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Chimere, Master Sorcerer, Summoner, and Direnni retainer:
Chimere Graegyn was a retainer of the ambitious Direnni clan. The Direnni derived the bulk of their power from their traffickings with Daedra, a very profitable but risky path to success. Chimere was perhaps the cleverest and most ambitious of the Direnni summoners. He dared to scheme against Lord Dagon, and won. When his trick succeeded, Dagon was cast into Oblivion. However, in the instant of his betrayal, Dagon struck out against the mortal who tricked him. Chimere's pact assured that he would live forever in his home town among the happy voices of his friends and countrymen. Twisting the literal words of Chimere's pact, Dagon scooped up tiny Caecilly Island (a small island off the coast of Glenumbra) and hurled in into the void. All Chimere's friends and countrymen were instantly killed, though the sounds of their voices remained to torment Chimere's memory. Chimere was condemned to live forever, to grow progressively old and crippled with arthritis, and to contemplate the tragic consequences of his defiance of fate and fortune in cheating a Daedra Lord.
Created by the Daedra Lord Malacath, this armor has the marvelous property of turning the blow of an oathbreaker. Chimere tricked Dagon into swearing an oath against the Powers which he had no intention of keeping. The Hide of the Savior turned Dagon's titanic fury long enough for Chimere to deliver his own attack—an incantation invoked upon Dagon's "Protonymic" (i.e., Incantatory True Name). Unfortunately, like many of Malacath's gifts, the armor is a mixed blessing. It also makes its wearer exceptionally vulnerable to magical attacks, so one should only wear it for particular occasions.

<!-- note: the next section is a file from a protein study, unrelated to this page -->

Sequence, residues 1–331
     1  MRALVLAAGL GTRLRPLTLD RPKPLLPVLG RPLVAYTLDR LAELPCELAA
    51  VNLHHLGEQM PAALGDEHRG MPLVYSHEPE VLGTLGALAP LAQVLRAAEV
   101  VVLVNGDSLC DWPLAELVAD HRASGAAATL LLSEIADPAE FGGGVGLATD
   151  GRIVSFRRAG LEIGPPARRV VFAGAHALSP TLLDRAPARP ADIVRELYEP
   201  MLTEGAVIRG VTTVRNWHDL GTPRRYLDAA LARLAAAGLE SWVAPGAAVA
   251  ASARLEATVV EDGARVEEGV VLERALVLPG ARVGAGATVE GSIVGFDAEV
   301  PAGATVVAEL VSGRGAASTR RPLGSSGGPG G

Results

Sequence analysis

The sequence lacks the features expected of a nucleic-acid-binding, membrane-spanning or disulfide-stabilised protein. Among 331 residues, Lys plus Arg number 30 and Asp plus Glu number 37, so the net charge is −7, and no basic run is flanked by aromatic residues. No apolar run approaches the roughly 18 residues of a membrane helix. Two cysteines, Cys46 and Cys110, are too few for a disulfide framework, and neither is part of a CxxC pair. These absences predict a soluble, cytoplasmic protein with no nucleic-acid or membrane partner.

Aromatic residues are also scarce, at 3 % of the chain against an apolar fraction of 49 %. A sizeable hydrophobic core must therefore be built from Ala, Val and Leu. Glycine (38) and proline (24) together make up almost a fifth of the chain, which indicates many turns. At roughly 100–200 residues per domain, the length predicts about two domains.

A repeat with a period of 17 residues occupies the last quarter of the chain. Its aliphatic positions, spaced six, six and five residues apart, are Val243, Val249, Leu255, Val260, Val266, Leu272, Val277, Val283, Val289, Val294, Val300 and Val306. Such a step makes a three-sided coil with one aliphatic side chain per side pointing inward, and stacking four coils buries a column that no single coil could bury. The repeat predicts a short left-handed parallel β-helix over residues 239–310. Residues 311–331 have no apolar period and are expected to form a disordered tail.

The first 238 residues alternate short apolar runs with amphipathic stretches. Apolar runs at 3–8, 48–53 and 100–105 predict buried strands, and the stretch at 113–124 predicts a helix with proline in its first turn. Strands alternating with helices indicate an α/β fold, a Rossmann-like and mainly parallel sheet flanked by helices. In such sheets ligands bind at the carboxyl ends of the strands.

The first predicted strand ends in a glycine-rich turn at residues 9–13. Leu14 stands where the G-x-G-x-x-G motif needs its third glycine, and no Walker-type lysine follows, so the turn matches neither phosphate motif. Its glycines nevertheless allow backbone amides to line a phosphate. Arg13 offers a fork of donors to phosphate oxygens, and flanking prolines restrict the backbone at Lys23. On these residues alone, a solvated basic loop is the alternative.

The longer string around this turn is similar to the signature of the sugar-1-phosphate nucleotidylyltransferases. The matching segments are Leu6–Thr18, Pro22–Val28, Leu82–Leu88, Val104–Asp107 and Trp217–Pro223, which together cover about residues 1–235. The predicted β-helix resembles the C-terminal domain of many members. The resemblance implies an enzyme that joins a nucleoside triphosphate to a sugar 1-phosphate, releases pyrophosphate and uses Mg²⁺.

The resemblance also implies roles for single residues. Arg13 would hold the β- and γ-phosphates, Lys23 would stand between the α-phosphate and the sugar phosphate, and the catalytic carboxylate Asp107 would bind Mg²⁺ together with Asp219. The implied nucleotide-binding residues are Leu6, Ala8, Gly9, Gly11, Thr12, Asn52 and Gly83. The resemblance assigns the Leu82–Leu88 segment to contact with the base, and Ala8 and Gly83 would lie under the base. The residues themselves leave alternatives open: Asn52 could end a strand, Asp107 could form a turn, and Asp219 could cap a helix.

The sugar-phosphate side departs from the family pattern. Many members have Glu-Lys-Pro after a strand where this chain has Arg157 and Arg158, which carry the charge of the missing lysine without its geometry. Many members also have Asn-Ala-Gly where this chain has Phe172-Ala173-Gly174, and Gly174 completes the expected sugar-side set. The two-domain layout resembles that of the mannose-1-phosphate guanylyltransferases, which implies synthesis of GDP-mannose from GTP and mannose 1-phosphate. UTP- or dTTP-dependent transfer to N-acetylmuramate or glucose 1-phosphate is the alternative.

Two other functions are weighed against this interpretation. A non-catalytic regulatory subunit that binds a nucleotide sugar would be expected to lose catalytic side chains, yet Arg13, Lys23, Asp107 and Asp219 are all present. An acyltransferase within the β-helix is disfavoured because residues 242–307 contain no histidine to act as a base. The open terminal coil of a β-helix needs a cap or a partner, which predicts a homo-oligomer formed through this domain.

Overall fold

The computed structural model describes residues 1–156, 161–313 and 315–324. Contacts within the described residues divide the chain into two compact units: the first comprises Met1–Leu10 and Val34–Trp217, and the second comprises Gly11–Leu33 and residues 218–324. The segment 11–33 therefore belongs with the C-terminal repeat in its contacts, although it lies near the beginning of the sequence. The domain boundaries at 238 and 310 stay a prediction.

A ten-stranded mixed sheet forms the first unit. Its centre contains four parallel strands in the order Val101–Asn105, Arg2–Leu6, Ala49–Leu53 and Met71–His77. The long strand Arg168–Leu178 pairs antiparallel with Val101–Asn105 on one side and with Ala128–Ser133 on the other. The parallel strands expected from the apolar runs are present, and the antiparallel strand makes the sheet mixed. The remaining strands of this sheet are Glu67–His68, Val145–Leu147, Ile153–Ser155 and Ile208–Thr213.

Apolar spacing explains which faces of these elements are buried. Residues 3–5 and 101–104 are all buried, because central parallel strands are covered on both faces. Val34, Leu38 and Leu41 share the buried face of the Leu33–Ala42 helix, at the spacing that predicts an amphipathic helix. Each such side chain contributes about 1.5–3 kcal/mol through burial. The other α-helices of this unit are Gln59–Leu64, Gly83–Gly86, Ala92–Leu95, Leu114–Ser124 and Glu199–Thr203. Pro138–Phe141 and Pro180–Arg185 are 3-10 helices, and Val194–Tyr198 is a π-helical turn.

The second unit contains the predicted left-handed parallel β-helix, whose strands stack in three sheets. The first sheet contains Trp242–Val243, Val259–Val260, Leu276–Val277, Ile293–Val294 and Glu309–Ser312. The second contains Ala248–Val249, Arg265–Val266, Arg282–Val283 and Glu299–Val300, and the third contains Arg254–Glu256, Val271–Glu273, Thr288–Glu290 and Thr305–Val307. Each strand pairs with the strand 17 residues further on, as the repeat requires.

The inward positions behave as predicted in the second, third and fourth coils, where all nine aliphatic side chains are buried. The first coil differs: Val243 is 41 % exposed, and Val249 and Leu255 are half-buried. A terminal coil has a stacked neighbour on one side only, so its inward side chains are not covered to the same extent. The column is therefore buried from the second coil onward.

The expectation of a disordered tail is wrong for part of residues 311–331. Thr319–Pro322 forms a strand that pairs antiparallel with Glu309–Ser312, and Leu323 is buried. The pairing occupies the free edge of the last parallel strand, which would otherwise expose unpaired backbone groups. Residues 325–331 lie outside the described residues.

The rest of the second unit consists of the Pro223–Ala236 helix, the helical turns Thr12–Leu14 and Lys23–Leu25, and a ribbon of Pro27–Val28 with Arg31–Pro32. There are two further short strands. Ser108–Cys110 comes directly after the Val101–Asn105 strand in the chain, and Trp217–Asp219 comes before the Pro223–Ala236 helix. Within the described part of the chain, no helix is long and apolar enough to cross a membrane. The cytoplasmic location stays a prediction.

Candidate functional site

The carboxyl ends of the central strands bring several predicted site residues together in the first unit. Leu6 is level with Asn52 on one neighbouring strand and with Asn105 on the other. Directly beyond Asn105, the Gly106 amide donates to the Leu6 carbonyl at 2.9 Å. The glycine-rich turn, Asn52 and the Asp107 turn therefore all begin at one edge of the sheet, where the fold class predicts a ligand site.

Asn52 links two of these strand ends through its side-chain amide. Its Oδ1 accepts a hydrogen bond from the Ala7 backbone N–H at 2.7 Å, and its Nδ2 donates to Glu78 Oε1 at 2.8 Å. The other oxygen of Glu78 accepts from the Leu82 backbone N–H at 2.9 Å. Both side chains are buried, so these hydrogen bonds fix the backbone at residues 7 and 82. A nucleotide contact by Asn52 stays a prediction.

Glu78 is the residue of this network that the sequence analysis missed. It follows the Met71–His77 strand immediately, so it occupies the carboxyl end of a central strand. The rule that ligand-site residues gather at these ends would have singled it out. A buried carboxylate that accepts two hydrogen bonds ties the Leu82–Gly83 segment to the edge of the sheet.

Chimere used Dagon's Protonymic in an incantation to invoke a sorcery that would gradually drain all of Dagon's power into the void. Chimere miscalculated, however, not realizing that Dagon's resistance could slow the draining of his power, even if it could not stop it. As a result, Dagon had the time to curse Chimere with a literal fulfillment of the terms of his bargain with Chimere. Rather than let his power drain into the void, Dagon cast it all into his curse. As a result, Caecilly Island was cast into the void, all its citizens were horribly slain, and Chimere was condemned to live forever among the ruins of his greatest ambition.
Rituals of the Hunt:
The Chapel of the Innocent Quarry: Chimere believes that Dagon had Caecilly Island established as the site of the Chapel of the Innocent Quarry to personally mock and torment Chimere. The green crystal structure was created by enchantments, and is the only building on the island erected since it was ripped from Tamriel and loosed in the void.
Supposedly the Spear of Bitter Mercy used in the Great Hunts could not be handled by any mortal or immortal save the ones sanctified to the Hunt and bound by its strictures. However, Chimere has determined that though the Spear's power is great, it is not unlimited, and that certain enchanted items—for instance, the Armor of the Savior's Hide, forged by Malacath—are sufficient to protect a mortal or immortal bearer from its maleficent energies.
- Curiously, this book has many inconsistencies with the rest of The Elder Scrolls series. According to the main set of five games (Arena, Daggerfall, Morrowind, Oblivion, and Skyrim), the Savior's Hide is an artifact of Hircine, while the Spear of Bitter Mercy is of Sheogorath.
- The events described in the book occurred circa 700 years after the events of 'The Elder Scrolls Online'.